There are far fewer journalism jobs than there were 13 years ago; meanwhile, the number of PR jobs has skyrocketed. The Web has changed the game, and content marketing has emerged as the dominant trend.
The Bureau of Labor Statistics
reports that the number of journalists has dropped 25 percent since 2000, and is expected to decline another 8 percent between 2010 and 2020.
That would be bad news for those of us with journalism skills—if it weren’t for content marketing. Brands now hire us to do for them what we once did for news organizations: tell stories.
That may have something to do with the 63 percent spike in PR specialists and managers from 2000 to 2010—and the expected 21 percent increase by 2020:
The Reuters Institute for the Study of Journalism recently issued its Digital News Report
, shedding light on the state of the profession. Readers from around the world shared their news consumption habits. For those who use smartphones and tablets, the majority (73 and 75 percent, respectively) check the news “several times a day.” For those who use a tablet, smartphone, and computer, that number of frequent news checkers jumps to 88 percent.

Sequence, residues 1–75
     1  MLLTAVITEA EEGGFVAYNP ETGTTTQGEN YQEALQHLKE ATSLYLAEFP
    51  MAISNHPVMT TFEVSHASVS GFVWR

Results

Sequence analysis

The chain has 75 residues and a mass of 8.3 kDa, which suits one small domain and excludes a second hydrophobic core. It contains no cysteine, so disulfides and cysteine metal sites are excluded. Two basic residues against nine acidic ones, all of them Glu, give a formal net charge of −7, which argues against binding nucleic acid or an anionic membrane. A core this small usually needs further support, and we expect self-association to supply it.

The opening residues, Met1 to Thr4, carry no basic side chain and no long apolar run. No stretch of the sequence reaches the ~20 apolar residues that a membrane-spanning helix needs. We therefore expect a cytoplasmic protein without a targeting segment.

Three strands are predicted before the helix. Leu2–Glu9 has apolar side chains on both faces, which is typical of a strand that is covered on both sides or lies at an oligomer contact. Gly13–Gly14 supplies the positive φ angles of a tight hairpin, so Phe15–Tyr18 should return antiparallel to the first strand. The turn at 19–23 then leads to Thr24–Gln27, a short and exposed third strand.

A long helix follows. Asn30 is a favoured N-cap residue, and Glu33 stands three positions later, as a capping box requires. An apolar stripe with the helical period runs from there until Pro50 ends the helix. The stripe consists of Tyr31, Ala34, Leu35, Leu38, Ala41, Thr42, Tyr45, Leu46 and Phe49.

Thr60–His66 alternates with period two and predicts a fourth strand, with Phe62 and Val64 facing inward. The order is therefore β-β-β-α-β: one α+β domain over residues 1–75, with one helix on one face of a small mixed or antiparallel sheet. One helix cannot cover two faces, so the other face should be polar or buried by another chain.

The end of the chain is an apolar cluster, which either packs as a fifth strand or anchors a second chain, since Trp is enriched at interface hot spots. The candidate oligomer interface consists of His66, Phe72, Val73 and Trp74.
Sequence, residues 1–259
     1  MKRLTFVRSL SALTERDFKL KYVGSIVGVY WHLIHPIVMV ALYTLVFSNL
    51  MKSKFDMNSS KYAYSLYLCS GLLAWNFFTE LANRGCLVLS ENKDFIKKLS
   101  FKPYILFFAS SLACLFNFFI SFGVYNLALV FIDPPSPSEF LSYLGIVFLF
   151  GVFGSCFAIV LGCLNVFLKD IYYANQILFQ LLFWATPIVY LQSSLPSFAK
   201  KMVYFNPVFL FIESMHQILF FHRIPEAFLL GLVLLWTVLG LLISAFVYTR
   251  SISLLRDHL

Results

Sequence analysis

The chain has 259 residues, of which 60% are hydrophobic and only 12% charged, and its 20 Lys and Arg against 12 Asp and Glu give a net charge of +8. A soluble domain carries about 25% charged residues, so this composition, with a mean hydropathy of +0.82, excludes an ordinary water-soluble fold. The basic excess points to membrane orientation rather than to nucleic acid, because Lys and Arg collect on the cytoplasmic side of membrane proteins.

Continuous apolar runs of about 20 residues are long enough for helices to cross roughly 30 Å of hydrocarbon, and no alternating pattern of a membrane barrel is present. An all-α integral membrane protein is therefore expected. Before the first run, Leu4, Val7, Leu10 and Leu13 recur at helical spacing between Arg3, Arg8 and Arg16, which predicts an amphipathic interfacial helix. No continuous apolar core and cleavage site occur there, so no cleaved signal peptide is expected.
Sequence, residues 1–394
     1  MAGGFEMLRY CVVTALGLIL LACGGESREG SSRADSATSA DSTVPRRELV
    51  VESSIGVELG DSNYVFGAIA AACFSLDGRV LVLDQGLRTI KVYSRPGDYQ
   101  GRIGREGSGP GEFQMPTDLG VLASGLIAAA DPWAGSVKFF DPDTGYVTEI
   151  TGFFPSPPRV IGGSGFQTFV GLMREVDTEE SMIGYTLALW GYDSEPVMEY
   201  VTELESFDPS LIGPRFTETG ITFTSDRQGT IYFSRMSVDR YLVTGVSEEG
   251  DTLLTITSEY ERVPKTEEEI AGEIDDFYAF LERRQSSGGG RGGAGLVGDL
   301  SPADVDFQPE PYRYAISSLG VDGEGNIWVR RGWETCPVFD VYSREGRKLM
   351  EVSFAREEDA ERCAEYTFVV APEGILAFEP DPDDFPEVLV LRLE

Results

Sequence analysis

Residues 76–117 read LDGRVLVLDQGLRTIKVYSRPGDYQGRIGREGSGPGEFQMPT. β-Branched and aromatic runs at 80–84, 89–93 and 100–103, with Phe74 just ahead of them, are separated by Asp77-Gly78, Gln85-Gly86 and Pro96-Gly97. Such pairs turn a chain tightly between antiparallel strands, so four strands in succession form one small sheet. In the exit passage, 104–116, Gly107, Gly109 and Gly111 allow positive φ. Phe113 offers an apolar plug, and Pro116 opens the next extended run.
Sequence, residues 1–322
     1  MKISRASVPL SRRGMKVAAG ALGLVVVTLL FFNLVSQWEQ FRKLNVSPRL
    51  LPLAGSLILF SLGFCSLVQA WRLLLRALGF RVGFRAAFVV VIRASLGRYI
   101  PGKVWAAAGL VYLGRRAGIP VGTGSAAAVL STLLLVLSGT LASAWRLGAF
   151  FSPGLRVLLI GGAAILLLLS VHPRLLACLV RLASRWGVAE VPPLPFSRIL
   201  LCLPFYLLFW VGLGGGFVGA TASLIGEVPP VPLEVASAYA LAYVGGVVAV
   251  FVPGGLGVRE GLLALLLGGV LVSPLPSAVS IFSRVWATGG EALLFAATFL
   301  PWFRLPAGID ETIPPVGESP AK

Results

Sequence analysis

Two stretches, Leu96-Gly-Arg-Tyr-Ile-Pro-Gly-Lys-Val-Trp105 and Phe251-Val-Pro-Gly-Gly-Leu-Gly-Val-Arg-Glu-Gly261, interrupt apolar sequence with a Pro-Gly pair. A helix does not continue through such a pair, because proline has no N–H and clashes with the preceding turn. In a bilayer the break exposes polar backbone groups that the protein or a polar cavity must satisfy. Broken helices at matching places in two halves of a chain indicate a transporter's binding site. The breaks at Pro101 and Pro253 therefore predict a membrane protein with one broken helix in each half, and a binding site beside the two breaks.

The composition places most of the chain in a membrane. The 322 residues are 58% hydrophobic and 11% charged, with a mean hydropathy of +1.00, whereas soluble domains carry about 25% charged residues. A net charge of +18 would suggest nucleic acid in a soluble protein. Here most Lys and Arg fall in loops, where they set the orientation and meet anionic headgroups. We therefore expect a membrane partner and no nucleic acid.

Within that consumption, there’s a shift away from traditional broadcast and newspaper brands. In the U.S., the study shows that only 31 percent of news consumers turn to newspaper brands. Newer news sources, such as The Huffington Post
and Yahoo, attract 41 percent of news consumers.
[RELATED: Learn how companies such as NASCAR drive engagement with content marketing at Ragan’s Content Summit.]
Old brands are hamstrung by old methods of news collection. Newspapers and magazines are trying to compete with digital-only publications, but that’s increasingly difficult when they’re putting out a high-quality print product that no one reads or wants.
Fast Company has a great explanation:
“Many of the functions they used to perform are simply no longer valuable in a world where everybody, and increasingly nobody in the form of automated sensor networks, can report basic information.
“Worse still, news organizations by and large missed the boat on Internet technology and are only now starting to catch up, just as an increasing number of new technology companies set their sights on replacing even more functions that journalists used to perform exclusively.”
Fear not, journalists, there’s hope. Software Advice
’s B2B Marketing Mentor
has some great tips for you; they include:
• Uphold traditional journalistic principles, no matter where you work;
• Keep up with the times;
• Know your audience;
• Build your own brand;
• Do some soul-searching.
You can find their more in-depth advice here
, but I wonder: Do journalists have only three options these days—evolve in news, transition to PR/content marketing, or run like hell to another profession?